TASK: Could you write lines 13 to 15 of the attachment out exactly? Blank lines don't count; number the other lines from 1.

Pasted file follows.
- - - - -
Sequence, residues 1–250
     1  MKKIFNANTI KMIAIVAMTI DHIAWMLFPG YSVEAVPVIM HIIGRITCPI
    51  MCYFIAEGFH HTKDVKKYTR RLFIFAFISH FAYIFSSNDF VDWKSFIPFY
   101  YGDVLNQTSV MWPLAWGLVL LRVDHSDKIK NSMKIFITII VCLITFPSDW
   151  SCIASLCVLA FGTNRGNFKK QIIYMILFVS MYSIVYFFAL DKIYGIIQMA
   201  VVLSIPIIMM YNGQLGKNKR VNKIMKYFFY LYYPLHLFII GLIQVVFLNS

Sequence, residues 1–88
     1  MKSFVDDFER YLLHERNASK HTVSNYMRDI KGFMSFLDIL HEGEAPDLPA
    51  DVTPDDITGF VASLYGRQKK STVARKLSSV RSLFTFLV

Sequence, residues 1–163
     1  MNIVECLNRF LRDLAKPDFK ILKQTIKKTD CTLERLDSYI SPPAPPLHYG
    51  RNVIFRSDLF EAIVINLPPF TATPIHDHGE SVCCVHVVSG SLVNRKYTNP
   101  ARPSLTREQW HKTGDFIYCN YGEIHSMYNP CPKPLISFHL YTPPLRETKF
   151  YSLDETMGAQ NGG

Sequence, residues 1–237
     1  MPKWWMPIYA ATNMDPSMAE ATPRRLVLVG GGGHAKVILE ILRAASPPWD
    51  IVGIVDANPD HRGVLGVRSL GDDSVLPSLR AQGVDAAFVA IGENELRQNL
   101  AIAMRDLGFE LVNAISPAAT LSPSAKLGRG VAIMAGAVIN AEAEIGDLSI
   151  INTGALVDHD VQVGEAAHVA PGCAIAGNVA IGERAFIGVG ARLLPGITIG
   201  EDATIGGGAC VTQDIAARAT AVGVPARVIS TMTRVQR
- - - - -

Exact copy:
   101  ARPSLTREQW HKTGDFIYCN YGEIHSMYNP CPKPLISFHL YTPPLRETKF
   151  YSLDETMGAQ NGG

Sequence, residues 1–237